Did you 'pop the question' in a majestic, wild setting?

Have you had an entire beach to yourselves?

Have you been on a tramp where you didn't see another soul?

Have you been blown away by an amazing view?

If you have a suggestion for the ultimate romantic tramp let me know. You can post a comment here, or e-mail me at loveinatent(AT) (Replace the (AT) with @, you know the deal.)

I'm looking forward to finding out about your discoveries!

Cross-blogging - Home & Abroad

One of my freelance jobs is to write educational travel activities for the travel-planning website Home & Abroad. I've been doing it since July 2006, and they now feature over 100 of my fun ideas for stuff to do on your trip. You can't tell which ones are mine, but I've contributed activities for Toronto, Ottawa, Niagara Falls, Calgary, Berlin, Seville,Bangkok, Cape Town and Lana'i (Hawaii).

Recently they started up their own blog, about travel of course. I have made my first contribution there - a little piece promoting camping as a great, romantic getaway! If you'd like to read the post you can link to it here.

In these days of on-line marketing, the lines between personal content and advertising are getting pretty damn blurry, but I figure as long as the content is interesting (and truthful!) it's okay to jump the line now and then. And if I can put a bit more readable content on the web these days to diffuse the deluge of SEO-keyword crap, I'm happy to help!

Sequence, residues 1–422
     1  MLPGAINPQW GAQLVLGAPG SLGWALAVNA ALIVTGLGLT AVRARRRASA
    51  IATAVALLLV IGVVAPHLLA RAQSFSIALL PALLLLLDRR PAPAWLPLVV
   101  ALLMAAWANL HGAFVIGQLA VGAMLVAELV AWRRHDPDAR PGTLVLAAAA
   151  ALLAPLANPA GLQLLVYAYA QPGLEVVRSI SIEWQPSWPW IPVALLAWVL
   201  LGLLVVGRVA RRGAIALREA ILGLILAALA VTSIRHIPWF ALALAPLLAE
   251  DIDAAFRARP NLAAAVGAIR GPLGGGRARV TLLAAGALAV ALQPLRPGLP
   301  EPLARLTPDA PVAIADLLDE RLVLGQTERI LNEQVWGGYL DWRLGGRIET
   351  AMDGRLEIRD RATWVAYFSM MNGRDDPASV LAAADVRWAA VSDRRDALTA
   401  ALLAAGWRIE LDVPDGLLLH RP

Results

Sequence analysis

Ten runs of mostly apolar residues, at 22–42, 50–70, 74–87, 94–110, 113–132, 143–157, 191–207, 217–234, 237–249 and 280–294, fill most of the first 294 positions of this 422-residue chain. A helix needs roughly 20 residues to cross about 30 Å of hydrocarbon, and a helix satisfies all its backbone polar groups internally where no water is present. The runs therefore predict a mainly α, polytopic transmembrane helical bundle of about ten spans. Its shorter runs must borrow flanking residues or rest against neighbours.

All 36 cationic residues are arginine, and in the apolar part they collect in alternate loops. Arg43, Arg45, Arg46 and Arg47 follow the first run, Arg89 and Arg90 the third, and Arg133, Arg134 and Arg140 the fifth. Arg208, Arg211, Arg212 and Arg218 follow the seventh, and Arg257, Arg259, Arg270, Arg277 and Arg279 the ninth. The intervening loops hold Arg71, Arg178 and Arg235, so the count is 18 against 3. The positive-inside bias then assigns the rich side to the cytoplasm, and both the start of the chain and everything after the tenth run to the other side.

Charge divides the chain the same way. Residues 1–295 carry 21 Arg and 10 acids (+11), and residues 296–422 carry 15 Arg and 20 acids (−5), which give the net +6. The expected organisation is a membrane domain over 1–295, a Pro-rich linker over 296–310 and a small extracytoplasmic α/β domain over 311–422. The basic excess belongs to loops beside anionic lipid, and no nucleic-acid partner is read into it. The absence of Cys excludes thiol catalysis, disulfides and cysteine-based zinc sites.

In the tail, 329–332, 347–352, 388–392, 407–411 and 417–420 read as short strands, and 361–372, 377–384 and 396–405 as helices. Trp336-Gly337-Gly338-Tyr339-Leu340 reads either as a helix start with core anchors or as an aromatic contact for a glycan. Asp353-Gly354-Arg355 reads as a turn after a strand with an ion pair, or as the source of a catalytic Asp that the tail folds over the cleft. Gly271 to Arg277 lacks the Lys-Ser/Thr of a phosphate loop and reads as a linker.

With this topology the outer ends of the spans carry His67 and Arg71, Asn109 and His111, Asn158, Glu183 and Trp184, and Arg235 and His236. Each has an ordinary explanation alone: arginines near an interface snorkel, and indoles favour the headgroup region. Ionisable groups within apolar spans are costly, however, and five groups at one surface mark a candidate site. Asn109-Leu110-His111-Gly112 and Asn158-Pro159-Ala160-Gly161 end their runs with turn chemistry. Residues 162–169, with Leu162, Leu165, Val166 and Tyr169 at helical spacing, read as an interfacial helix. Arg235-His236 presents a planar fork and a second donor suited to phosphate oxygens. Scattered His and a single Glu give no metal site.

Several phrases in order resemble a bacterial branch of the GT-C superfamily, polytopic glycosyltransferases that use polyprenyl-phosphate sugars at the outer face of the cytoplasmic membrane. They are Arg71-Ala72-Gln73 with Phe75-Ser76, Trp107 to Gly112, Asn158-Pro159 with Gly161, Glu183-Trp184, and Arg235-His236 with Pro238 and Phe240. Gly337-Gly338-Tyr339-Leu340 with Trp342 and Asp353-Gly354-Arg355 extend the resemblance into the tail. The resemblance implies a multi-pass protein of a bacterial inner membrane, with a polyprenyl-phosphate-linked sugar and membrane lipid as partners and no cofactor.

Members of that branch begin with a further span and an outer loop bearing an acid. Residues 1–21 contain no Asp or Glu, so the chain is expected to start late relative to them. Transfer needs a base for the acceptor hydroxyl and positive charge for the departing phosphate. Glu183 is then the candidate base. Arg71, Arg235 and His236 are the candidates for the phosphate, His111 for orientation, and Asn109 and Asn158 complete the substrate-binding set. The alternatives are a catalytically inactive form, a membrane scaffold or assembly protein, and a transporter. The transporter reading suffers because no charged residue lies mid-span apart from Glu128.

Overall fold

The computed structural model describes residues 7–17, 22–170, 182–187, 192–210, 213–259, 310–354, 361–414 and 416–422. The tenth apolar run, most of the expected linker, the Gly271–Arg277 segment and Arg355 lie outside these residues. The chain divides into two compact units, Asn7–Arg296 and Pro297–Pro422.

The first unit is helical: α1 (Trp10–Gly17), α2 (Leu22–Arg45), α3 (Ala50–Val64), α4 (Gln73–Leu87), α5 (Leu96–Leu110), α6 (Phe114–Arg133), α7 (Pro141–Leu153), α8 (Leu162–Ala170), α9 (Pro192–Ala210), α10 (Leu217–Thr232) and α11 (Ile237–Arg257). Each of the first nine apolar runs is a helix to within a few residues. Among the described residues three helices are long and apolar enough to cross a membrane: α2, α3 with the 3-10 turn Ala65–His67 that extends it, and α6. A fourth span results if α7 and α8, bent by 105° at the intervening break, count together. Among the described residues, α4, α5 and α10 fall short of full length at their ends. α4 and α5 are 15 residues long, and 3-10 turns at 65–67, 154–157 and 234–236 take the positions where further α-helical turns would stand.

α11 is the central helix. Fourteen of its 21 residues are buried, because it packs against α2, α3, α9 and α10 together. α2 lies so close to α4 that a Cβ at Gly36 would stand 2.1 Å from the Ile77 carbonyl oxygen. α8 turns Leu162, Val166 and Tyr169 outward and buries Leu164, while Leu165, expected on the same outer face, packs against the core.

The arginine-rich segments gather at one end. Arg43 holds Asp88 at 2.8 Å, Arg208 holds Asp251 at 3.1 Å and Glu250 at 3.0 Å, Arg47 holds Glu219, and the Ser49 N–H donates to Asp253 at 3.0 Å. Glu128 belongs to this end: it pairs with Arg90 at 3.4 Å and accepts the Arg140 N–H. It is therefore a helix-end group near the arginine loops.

Tuesday, May 01, 2007

How To Confuse a Canadian

It's all so GREEN!

It's fall in New Zealand. At least that's what they tell me. The days are getting shorter and cooler. It's raining more often. My sweaters are coming out of hiding. There's fall stuff going on.

And yet, to me, it sure doesn't look like fall! Growing up in Canada, there was just no mistaking it. When fall came around, the trees changed into fabulous shades of yellow and red! Then, slowly, winter's approach blew those leaves from their stalks leaving the skeletal branches bare until spring.

Down on the South Island, rumour has it that this kind of fall ritual also takes place. But up here in Wellington there is not a crimson leaf in sight. Not in the city, not in the bush. And to me, it's just not fall. I came here prepared for the snowless winters (except in the mountains) but nobody warned me about the green trees of autumn! I'm a four seasons kinda gal, I like visual cues to back up what the calendar says.

I'm adjusting pretty well to my new life Down Under, but every once in a while something like this sneaks up and reminds me that life is different. Fall is when spring used to be, and it doesn't look like it's supposed to. Perhaps I need a trip to the South Island!